Student Protesters See Links to a Global Struggle


Across the United States, students are coming together to protest against the violence in Gaza. Their determination is clear, as many are willing to risk arrest to support the Palestinian cause. The conflict in Gaza, though far from their home, has deeply affected these students. For many, this issue is not just about Gaza; it’s tied to broader struggles for justice and equality.

The war in Gaza is happening in a place many of these students have never been. The deaths, reportedly 34,000 according to local health authorities, are known to them through news and social media. However, the students see the Gaza conflict as part of a larger fight for justice. They relate it to issues such as police brutality, the mistreatment of Indigenous people, discrimination against Black Americans, and the impact of global warming.

Ife Jones, a first-year student at Emory University in Atlanta, connects her activism today to her family’s involvement in the 1960s civil rights movement. She sees the current pushback against demonstrators as reminiscent of the past, saying, “The only thing missing was the dogs and the water.”

Students have been actively protesting on campuses, often facing harsh responses from authorities. Many have refused to comply with university administrators, chaining themselves to benches and taking over buildings. In the last 24 hours alone, hundreds of students have been arrested at various schools, including Columbia University. With increasing counter protests from pro-Israel students, tensions on campuses are expected to rise.

In interviews, students often use academic terms like intersectionality, colonialism, and imperialism to explain their views. They argue that the Palestinian plight is part of a global system of bias and oppression. Katie Rueff, a first-year student at Cornell University, sees climate justice and the conflict in Gaza as interconnected struggles against imperialism and capitalism.

Jawuanna McAllister, a 27-year-old Ph.D. candidate at Cornell, is part of the Coalition for Mutual Liberation. She explains, “We believe that none of us can be free and have the respect and dignity we deserve unless all of us are free.”

Most protest groups are calling for an immediate cease-fire and for divestment from companies with interests in Israel or the military. However, their agendas often extend to other issues. At the University of California, Los Angeles, students like Nicole Crawford are also demanding the school sever ties with the Los Angeles Police Department and increase transparency about its investments.

Many students connect the suffering in Gaza to other forms of oppression worldwide. Nicole Crawford, a 20-year-old UCLA student, links her activism to her experiences as part of the Pan-African diaspora in the United States. She believes that being part of an oppressed group politicizes individuals and drives them to fight for broader justice.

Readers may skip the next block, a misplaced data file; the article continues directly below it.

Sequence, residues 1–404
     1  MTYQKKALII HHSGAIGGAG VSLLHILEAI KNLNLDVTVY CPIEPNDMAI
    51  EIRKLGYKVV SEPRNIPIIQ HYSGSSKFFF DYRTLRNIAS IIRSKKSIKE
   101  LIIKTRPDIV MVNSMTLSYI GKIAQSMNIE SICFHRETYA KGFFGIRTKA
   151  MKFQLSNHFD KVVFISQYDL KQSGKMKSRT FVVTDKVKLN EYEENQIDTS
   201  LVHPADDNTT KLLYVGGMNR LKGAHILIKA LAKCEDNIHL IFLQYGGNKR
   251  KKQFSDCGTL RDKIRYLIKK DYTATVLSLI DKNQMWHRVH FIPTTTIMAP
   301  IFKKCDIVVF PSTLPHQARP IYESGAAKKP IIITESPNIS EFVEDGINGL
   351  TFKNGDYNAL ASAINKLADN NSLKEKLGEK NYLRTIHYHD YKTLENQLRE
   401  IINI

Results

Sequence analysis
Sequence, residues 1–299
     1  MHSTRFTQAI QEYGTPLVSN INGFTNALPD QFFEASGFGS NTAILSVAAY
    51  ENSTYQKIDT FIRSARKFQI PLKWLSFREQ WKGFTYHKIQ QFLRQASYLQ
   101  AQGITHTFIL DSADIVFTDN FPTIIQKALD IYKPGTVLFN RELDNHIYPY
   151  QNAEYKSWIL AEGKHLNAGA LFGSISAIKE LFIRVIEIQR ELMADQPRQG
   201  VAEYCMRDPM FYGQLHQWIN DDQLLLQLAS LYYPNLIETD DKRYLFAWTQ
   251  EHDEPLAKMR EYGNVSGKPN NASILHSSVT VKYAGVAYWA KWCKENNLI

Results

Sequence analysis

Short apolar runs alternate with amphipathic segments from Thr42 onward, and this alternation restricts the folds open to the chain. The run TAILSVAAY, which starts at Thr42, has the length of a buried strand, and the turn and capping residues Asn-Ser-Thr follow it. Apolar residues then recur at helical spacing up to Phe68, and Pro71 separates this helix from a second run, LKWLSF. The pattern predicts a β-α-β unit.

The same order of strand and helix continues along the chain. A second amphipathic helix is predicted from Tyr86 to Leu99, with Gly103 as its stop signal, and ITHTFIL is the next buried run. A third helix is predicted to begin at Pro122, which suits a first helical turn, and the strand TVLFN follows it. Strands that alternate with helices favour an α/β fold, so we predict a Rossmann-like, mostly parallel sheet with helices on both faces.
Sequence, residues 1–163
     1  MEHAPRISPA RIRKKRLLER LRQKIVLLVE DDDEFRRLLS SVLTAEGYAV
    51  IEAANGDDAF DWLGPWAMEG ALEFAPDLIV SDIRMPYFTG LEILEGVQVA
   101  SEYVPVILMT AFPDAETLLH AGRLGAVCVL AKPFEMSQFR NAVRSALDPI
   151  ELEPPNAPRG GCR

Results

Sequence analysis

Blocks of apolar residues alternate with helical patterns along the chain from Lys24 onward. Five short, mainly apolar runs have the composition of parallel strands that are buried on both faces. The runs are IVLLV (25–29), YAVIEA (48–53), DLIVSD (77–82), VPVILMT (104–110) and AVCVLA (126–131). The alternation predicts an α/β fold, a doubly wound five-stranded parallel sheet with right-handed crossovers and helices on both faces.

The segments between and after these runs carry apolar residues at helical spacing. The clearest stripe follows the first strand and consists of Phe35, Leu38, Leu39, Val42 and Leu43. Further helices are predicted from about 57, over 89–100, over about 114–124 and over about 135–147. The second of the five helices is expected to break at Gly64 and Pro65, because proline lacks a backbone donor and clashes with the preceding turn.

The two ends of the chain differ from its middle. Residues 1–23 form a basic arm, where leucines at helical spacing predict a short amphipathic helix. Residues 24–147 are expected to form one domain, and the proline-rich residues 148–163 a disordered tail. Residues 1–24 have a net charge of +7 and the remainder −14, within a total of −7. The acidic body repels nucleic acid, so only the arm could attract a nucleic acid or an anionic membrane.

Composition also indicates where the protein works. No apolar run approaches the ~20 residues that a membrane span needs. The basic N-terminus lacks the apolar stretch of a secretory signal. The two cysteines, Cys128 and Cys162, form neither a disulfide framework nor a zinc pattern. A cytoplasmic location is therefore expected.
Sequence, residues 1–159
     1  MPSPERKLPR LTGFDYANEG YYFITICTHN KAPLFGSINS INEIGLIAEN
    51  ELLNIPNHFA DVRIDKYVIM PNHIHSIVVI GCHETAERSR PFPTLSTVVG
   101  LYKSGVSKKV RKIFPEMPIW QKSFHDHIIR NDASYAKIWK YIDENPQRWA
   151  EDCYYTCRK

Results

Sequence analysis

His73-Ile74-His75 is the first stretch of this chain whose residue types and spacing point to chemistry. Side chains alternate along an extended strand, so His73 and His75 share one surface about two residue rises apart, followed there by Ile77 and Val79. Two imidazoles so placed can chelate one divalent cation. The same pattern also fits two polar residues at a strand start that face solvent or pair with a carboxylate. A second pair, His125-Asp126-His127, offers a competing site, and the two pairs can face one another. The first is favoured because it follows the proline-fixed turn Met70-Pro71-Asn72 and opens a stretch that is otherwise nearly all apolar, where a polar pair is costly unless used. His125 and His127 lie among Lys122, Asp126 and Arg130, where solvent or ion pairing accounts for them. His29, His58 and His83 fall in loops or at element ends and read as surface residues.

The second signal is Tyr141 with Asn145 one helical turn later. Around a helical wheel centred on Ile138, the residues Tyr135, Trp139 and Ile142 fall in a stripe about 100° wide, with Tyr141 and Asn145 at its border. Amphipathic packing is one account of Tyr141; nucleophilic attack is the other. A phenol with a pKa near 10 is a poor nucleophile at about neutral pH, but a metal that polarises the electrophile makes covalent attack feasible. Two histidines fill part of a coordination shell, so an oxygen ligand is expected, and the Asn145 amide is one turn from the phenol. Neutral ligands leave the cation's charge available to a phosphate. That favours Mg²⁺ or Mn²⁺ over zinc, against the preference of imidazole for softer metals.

At Emory University, protesters have been chanting “Free Palestine” and “Stop Cop City,” the latter referring to a large police and fire training compound being built in Atlanta. Ari Quan, a 19-year-old first-year student, didn’t initially follow the Gaza conflict closely but joined the protests after seeing a friend pushed by police. “I would have felt bad if I wasn’t involved,” they said. “To see the police become more militarized is hard for me to imagine.”

The current student movement supporting Palestinians builds on a history of linking to other issues. Students for Justice in Palestine, a group that started in the early 1990s at the University of California, Berkeley, consciously included other activists, broadening their base. Today, the group has over 200 chapters in the U.S. and often collaborates with other student groups.

Building coalitions has strengthened the movement, giving protesters a sense that they have widespread support. However, scholars note that the current movement is different from past movements like those against apartheid in South Africa or the Vietnam War. Timothy Naftali, a public policy teacher at Columbia, believes today’s demonstrations may create a greater sense of insecurity among specific groups than past antiwar protests did.

In interviews, many students avoided discussing Hamas, the militant group responsible for the October 7 attacks in Israel that killed 1,200 people. While acknowledging the attacks were terrible, students like Lila Steinbach, a senior at Washington University in St. Louis, find it difficult to navigate their politics. Raised Jewish, she struggles with condemning all violence, knowing people affected by the attacks. Yet, she also sees Israeli and U.S. actions as contributing to the conditions that breed terrorism.

Almost all student protesters recognize antisemitism as a genuine concern but say they do not see it among their ranks. They believe their chants, such as “from the river to the sea,” call for peace and equality rather than the destruction of Israel. Alexandra Weiner, a 25-year-old faculty member at the University of Pittsburgh, grew up attending the Tree of Life Synagogue, which experienced a deadly attack in 2018. She has not encountered antisemitism within the protests.

Student protests across the country are marked by a deep sense of urgency and a broad view of justice. By linking the Gaza conflict to various global and local issues, these students demonstrate a commitment to fighting oppression in all its forms. Despite facing significant pushback, their movement continues to grow, driven by a belief in mutual liberation and a better world for all.


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